These salt portraits will blow your mind

When it comes to salt and creativity, the closest the majority of us have got to combining those effectively is pushing spilt salt around on a table into lines, pretending it was illicit drugs. Bashir Sultani goes a lot further than that.

Using salt to create portraits, including Yoda, Gandhi, Bane, Albert Einstein, Heath Ledger as the Joker, and Charlie Chaplin, the results are incredibly realistic as the layers build up the tone. Recording the process Bashir uploads the time-lapse to his channel on YouTube.

Bash also channels his creativity in other ways. Never ending Johnny Depp? Yes, please.

Originating from Afghanistan, he may have gotten inspiration for his inventive method having worked in a restaurant, after moving to Toronto.

Since starting in 2011, Bashir has moved to incorporate colours as well. Ahead of him starting an illustration course later this year, we talk about his short-lived salt artwork.

harry_potter_art_with_salt

What gave you the idea to make art from salt?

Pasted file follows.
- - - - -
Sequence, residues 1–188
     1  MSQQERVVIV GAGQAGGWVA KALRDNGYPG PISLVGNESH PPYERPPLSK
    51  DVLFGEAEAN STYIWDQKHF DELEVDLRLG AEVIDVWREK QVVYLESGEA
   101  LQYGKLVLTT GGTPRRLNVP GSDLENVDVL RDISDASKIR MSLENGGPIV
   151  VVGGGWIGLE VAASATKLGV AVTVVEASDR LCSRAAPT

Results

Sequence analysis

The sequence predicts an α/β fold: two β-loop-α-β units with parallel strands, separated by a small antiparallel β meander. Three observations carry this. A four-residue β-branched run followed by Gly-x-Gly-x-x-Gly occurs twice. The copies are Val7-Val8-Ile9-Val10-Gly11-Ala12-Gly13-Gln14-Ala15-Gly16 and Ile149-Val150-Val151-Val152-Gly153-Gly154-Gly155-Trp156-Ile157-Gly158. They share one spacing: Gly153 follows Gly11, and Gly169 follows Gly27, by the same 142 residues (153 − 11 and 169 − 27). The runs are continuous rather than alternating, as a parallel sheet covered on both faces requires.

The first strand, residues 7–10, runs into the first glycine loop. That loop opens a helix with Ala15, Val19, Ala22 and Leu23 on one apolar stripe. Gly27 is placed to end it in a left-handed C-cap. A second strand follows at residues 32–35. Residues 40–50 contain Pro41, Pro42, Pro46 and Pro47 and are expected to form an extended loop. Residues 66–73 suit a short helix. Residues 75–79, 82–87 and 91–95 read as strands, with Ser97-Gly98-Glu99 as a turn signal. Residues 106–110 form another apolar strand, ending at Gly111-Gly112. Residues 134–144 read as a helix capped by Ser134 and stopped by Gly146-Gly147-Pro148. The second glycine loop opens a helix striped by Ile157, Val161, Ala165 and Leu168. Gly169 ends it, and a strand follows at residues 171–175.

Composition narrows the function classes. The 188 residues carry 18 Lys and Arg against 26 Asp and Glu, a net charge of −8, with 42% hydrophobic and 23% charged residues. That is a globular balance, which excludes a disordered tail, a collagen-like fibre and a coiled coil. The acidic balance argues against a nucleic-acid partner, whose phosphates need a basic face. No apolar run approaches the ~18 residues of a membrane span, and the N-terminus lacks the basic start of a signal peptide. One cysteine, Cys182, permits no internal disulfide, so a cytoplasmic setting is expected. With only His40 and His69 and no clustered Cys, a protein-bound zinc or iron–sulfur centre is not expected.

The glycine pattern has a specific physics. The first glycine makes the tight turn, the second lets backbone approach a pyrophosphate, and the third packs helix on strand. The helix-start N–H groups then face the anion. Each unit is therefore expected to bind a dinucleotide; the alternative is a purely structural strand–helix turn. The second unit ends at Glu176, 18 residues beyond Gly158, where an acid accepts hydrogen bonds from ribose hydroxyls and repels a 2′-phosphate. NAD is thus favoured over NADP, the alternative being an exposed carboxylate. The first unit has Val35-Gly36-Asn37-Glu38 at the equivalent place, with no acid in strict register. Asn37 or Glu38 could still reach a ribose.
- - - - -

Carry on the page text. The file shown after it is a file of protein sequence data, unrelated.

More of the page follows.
Salt is the perfect medium to use for its ability to be coloured easily and works great on any background. Although the images can’t be preserved, I can have still images and videos.

Are you ever sad to discard it? 

I don’t feel sad about destroying salt images. After all, I have the video process. Art never dies. It just changes its form.

Do you have any intention to ever make the salt art permanent?

It’s probably impossible to preserve the artwork after.

Any accidental blowing away or smudging stories?

A lot of people ask what will happen in case I sneeze. It requires some patience every time, cause I had to spend sometimes up to a few hours, so you know you get that demon in your head telling you it won’t work or you should just give up. Fighting with myself. A lot of time I had to redo drawing from the start.

Your second channel sees you make creative use of pencils, with images on either side of them. Are they glued down?

For the pencils drawings, I first draw on the other side then tape them on the table. When the front drawing is done I flip the pencils. Hopefully, I get my hands on making short animation on pencils soon. It’s time-consuming, though.

Do you complete all your artwork in one sitting?

Usually, I like to spend night completing one drawing. And the most fun part is editing, removing extra frames and adding audio.

What’s the coloured artwork made from?

I use food colouring, it’s pretty simple you just add a few drops of ink into a plastic zip bag with salt and mix it with hands.

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